⇑ “Starve your distractions,
feed your focus.” ⇓
Yesterday afternoon, Kayla, Benson, and I loaded up in the car for a quick trip to the North Carolina High Country. Though the escape would last only a few hours, it was worth every minute of the winding drive.
As we’ve gotten older (and perhaps, hopefully, a bit wiser), Kayla and I have started to contemplate what it is that brings us joy.
We’ve found that it’s eerily easy to begin living a life that society tells us is worthy; a life that we never consciously choose for ourselves. To step back and question whether or not that path is growing us, fulfilling us, and providing us with nourishment for our journeys requires active reflection.
After countless evenings at the dinner table, talking and wondering, we realized that what we want is to simplify. We want to spend time with each other, with our friends and our family, and truly engage. We want to make an effort to put our phones down when we’re in the company of humans, to save the Instagrams for later, and to really, deeply experience the beautiful moments that we’re so ready to share with the rest of the world.
This concept of simplifying is one that has made quite an impact on us. I have always had an aversion to clutter and I’ve never been a senseless spender. I like to save my money for items that I’ve tried to do without, that I have then throughly researched, and have hand-picked, based on both reviews and price. I’ve mentioned before that I have also become markedly less sentimental over the years, in terms of things. I treasure connection, happiness, and the tribe of lovely souls who I am fortunate to know. I can take or leave possessions. Even so, I had never explored the idea of “minimalism.”
One Saturday while Kayla was at work, I was scrolling the documentary section of Netflix and happened across a film called ‘Minimalism: A Documentary About The Important Things.’ I love documentaries, but one thing I have had to accept is that they rarely delve into worlds of sunshine. That being the case, I was immediately intrigued by this title. I’d like to spend some time learning about the important things. Who wouldn’t?
Approximately two hours passed. By the time the final credits rolled, I honestly felt that I had stumbled upon answers that I didn’t even realize I had been seeking. I was so moved by these film makers and their stories that I played the documentary again when Kayla arrived home. I was worried that she might think the whole concept was a little… well, out there. But she didn’t. In fact, she was so moved by the insights of these minimalists that we stayed up for hours into the night, discussing them.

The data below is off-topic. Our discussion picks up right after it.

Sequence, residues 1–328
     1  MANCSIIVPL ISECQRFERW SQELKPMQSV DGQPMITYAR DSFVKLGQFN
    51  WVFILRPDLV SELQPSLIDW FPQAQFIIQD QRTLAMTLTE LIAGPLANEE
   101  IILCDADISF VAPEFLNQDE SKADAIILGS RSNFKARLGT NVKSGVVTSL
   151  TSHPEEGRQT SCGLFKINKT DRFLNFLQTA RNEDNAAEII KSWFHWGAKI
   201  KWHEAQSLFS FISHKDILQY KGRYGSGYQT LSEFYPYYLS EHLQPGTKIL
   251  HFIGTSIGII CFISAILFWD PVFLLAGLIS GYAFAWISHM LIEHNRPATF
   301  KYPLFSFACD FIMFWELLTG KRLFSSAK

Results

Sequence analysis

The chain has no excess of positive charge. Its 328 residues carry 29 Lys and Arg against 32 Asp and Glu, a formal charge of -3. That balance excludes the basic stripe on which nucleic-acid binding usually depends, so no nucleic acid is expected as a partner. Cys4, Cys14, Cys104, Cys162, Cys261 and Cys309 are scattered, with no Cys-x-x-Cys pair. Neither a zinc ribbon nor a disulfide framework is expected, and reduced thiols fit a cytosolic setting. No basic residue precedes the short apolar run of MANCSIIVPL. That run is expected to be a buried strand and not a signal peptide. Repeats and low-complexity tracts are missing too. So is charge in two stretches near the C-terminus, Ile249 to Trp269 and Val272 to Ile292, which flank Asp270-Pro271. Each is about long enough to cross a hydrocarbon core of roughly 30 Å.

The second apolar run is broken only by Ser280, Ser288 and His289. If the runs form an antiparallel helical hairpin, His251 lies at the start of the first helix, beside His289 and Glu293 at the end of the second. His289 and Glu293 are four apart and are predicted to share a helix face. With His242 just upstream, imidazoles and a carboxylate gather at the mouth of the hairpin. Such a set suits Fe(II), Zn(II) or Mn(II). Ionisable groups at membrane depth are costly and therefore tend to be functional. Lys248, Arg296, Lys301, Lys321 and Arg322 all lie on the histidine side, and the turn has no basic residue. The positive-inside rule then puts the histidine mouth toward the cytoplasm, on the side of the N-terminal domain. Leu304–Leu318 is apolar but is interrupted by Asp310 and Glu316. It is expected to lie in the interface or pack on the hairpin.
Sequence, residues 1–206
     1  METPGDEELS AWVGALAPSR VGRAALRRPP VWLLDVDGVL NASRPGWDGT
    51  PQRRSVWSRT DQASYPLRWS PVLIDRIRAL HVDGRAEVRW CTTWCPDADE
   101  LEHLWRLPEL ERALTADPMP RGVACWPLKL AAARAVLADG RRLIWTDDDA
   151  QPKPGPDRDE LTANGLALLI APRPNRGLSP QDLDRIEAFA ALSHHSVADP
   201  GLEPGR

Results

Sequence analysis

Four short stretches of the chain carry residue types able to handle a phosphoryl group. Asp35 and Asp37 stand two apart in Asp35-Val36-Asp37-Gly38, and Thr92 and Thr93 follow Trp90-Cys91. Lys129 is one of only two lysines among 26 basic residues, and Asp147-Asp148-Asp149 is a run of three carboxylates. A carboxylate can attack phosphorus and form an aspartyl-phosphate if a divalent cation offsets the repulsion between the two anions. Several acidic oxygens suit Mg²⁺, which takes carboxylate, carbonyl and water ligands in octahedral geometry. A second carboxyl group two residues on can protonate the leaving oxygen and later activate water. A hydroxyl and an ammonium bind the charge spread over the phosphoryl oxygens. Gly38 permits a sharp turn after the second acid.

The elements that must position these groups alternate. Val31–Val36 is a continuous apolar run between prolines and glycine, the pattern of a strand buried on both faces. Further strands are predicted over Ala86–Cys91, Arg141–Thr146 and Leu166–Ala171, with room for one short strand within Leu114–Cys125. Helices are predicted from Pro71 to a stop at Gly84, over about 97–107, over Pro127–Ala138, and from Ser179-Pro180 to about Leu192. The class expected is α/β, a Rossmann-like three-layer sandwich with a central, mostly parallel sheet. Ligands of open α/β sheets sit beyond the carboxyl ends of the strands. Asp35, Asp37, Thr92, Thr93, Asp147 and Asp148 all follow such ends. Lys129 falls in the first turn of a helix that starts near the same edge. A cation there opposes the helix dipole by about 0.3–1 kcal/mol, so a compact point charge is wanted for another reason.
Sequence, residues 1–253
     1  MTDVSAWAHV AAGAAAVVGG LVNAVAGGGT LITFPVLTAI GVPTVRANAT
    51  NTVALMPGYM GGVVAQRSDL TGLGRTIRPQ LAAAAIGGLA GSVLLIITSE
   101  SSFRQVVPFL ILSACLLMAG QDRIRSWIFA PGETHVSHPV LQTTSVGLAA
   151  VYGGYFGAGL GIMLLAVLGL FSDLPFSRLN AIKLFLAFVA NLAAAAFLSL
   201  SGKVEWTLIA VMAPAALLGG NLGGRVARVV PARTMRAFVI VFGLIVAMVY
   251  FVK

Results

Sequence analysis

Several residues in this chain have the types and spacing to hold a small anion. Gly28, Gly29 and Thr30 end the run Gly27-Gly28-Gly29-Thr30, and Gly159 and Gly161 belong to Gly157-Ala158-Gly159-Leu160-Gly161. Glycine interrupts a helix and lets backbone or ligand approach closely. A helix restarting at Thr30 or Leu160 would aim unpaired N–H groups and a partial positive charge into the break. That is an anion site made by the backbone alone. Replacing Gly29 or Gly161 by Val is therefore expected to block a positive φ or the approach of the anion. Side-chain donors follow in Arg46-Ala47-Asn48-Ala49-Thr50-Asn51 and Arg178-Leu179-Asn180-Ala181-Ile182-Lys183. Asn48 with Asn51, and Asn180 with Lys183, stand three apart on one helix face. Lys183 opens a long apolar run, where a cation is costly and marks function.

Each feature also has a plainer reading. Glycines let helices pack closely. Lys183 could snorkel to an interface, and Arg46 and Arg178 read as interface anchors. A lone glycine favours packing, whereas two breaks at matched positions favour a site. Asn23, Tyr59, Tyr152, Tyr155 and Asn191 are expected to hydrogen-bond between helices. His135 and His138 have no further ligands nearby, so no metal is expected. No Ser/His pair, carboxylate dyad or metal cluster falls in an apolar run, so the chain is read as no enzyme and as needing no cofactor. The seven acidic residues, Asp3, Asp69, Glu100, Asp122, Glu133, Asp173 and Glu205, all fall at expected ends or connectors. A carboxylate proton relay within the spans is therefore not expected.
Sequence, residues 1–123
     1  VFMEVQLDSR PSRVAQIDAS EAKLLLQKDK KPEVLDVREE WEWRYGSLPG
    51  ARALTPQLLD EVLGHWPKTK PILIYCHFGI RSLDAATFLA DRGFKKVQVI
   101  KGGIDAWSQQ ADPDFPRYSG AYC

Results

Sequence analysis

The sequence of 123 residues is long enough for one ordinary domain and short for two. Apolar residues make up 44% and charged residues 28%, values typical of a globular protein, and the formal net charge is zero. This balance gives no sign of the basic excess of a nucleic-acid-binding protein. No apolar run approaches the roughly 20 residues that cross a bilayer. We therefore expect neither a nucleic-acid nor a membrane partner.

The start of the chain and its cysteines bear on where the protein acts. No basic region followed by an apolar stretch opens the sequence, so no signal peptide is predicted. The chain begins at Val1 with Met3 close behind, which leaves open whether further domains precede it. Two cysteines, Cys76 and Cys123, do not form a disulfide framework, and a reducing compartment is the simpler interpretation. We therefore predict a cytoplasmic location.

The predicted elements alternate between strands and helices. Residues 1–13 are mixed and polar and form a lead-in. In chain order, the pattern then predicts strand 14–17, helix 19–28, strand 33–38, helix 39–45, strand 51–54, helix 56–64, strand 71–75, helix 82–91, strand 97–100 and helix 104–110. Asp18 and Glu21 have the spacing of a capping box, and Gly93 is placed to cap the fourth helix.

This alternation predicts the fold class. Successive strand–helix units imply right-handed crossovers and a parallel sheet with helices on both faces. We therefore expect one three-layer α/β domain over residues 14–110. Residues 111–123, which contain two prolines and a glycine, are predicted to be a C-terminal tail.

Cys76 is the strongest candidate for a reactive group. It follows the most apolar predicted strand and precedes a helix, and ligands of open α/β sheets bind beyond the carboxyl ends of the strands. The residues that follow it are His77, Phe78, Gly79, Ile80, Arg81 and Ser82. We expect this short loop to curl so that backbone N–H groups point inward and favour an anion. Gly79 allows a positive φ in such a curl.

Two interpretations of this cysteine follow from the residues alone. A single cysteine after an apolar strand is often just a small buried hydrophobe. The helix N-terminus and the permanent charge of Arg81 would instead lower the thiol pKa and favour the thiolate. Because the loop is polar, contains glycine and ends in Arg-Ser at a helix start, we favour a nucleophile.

Since then, we’ve started on the project of minimizing our existence. It’s true that we do already live in a one-bedroom loft, so we don’t have as far to go as some might, but it has been extensive nonetheless. Already, we’ve given ten bags of items to Goodwill, and we’re not done yet. Additionally, there have been mountains of papers to shred and, frankly, some things that we’ve had to toss out because they’re unusable and unrecyclable. That part has been slightly cringe inducing, because it’s served to amplify our compulsive consuming habits.
No, we won’t be paring down our belongings to the point where we’re sleeping on straw mats on the floor and sharing a coffee mug. We appreciate comfort. We have every intention of holding onto the things that add value to our lives. Our small library of books is intact, my handbags are mostly untouched, and Kayla’s elaborate hat collection has decidedly survived the cut. But items we don’t use, duplicates, or things that we don’t enjoy are being passed onto new owners, and replaced with a fresh mindset.
Our home feels more spacious and peaceful. It’s a relief to have what we need and to know precisely where it’s all located. We have sincerely embarked on a mission to create more from less.
So, this weekend, we honored our new purpose. We strode away from the hectic everyday and into a dark, cozy wood. We proceeded up a rocky incline and we arrived at a breathtaking view. We silenced our phones in order to hear the sounds of nature and of our own heartbeats. We stilled our minds and focused on the power of our own intentionality. We left only footprints and gathered only memories, just as we now hope to do everywhere we go.
click any photo to enlarge/scroll
xo Faith (and Kayla + Benson)
P.S. Please do consider watching ‘Minimalism: A Documentary About The Important Things,’ available on Netflix. The link provided earlier in this post will take you to the film’s official website, where you can find information and view a trailer. I anticipate that it will have a continued impact on my thinking/writing.